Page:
“I think this kid has a chance,” McCarthy said. 

A presentence report from the Graham County Probation Department also recommended treatment and probation, however, Graham County Deputy County Attorney Garet Kartchner disagreed with that summation and requested the court sentence Waters to the maximum term available due to the plea agreement of five years in prison. 

Speaking on his own behalf, Waters apologized for his actions and said his parents raised him right and that he just needed to get clean of opiates.

Contributed Photo/Courtesy GCSO: Aaron Maddock, 24, is facing 16 counts against him.

According to DPS reports, an undercover operative made multiple purchases of fentanyl pills from Maddock throughout the beginning of February. On Feb. 4, the operative purchased 200 pills from Maddock for $1,500; on Feb. 8, the operative again purchased 200 fentanyl pills from Maddock for $1,500; and on Feb. 11, the operative purchased 400 fentanyl pills from Maddock for $3,000, with the promise of an extra 100 pills later. On Feb. 17, the operative arranged another buy for $3,000 and was supposed to receive 600 pills, which included the 100 pills already owed. The investigation revealed that Maddock had been working with Ray involving dealing with the pills.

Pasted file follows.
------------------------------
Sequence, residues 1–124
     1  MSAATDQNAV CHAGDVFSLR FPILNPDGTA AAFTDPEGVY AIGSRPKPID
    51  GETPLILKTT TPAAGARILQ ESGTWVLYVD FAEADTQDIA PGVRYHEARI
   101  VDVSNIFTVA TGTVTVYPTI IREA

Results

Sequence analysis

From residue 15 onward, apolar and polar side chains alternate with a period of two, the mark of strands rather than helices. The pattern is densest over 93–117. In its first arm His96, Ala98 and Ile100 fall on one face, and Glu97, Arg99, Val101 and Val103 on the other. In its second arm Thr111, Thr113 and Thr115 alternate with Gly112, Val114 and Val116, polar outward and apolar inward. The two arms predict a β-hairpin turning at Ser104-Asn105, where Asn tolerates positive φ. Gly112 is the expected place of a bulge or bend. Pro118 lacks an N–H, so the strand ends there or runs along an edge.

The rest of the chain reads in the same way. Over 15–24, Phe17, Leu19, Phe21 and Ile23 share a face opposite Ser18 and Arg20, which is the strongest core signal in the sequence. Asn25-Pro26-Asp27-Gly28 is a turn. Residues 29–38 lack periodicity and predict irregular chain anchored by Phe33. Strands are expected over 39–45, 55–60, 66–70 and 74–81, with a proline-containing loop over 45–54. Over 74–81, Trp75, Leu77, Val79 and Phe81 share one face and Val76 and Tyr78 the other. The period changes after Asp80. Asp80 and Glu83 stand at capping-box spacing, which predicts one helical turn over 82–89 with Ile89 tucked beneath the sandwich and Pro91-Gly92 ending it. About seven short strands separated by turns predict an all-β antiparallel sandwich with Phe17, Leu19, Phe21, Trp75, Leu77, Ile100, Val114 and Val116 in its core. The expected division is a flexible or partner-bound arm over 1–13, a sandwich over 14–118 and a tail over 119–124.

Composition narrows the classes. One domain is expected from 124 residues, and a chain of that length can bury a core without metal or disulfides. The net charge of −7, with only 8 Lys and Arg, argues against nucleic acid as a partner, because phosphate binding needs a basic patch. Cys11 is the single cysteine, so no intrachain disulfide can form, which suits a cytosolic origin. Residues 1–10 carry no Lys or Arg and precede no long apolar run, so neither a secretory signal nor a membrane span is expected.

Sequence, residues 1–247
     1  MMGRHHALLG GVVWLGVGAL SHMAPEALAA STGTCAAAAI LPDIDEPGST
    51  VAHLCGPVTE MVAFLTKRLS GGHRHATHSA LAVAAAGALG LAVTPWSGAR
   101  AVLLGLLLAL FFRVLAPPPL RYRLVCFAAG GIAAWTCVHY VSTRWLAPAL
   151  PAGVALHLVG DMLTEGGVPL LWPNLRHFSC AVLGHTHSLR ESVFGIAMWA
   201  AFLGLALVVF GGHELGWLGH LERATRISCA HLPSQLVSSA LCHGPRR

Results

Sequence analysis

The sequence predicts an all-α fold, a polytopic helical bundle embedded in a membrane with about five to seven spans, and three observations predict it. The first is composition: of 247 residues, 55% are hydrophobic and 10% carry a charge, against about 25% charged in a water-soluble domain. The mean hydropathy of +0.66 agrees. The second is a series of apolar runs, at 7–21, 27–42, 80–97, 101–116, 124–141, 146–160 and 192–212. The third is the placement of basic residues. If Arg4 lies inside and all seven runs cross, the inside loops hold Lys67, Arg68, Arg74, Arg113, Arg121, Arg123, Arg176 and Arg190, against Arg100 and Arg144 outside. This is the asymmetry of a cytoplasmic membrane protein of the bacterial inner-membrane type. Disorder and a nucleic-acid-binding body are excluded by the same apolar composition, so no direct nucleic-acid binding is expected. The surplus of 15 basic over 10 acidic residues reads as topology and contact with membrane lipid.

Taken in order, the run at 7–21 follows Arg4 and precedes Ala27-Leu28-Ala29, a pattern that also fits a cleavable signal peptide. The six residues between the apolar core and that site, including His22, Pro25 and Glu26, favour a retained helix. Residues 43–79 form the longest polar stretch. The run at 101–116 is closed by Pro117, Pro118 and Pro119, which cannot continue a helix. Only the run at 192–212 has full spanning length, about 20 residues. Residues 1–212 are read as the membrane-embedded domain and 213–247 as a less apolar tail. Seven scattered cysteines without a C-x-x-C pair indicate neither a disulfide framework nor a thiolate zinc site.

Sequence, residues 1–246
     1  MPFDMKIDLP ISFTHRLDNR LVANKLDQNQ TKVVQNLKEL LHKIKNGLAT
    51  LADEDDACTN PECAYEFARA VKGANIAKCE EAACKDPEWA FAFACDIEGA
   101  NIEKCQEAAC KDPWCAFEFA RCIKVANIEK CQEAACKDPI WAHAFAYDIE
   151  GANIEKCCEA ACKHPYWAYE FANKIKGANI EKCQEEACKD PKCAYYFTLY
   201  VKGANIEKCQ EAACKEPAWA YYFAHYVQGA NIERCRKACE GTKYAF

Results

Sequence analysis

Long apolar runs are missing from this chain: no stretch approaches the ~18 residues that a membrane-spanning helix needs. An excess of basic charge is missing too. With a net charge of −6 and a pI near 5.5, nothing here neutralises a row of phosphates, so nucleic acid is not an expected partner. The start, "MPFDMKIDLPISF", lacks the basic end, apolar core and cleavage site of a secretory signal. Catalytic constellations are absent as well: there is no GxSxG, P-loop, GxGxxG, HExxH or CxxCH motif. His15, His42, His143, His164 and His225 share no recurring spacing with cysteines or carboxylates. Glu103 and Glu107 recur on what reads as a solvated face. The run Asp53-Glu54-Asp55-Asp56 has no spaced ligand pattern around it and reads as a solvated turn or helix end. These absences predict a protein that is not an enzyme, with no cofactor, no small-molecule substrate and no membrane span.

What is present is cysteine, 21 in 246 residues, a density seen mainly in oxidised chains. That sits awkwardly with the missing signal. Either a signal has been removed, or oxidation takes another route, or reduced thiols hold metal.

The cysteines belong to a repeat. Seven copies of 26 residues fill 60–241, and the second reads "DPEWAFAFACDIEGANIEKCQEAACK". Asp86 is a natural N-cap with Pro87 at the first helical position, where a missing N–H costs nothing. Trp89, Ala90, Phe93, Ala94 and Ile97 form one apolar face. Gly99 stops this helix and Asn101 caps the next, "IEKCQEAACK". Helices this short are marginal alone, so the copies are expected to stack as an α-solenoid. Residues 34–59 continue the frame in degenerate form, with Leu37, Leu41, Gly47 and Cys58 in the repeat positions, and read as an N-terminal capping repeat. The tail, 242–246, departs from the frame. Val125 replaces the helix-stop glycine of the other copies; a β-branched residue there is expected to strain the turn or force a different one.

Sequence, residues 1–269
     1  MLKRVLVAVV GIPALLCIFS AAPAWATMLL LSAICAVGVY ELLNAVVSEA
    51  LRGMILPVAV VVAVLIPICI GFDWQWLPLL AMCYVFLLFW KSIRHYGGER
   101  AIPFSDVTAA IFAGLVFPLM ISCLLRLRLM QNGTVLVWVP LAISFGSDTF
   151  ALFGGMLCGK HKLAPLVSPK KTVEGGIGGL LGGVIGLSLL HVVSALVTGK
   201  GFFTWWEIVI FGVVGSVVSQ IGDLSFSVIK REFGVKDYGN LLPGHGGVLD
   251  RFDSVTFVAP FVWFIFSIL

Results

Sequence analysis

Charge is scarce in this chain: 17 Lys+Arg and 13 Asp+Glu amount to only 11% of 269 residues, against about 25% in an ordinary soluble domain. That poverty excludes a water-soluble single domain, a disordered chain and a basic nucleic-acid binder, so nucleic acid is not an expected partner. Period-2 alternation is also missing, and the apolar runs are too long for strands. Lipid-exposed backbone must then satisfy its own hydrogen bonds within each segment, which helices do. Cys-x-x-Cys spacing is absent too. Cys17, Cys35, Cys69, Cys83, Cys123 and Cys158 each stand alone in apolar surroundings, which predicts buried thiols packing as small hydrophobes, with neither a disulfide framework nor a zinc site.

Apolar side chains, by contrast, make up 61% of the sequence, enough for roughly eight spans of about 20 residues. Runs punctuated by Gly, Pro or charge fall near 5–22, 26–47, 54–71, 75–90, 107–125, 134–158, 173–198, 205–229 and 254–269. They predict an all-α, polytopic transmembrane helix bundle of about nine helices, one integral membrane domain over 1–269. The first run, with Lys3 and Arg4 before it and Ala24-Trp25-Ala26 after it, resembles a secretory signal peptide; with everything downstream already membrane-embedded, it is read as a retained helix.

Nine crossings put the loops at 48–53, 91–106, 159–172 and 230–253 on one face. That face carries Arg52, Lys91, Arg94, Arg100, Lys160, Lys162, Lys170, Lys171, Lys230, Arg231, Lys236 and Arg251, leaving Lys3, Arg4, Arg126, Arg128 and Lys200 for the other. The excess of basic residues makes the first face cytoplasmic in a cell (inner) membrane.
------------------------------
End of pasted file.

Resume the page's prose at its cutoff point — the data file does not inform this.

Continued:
As investigators awaited the suspects’ vehicle to return to the Gila Valley, it was spotted going 63 mph in a 45-mph-zone on Feb. 17, at about 9:10 p.m. After the vehicle was pulled over, detectives arrived and located a black box under the hood of the vehicle that contained 1,000 blue, 30-mg fentanyl pills (101.9 grams) and 50.9 grams of heroin. Maddock was found driving the car, and Waters was a passenger. Waters later allegedly admitted to having placed some money for a quantity of the pills they were bringing back to Safford and his role in the drug ring.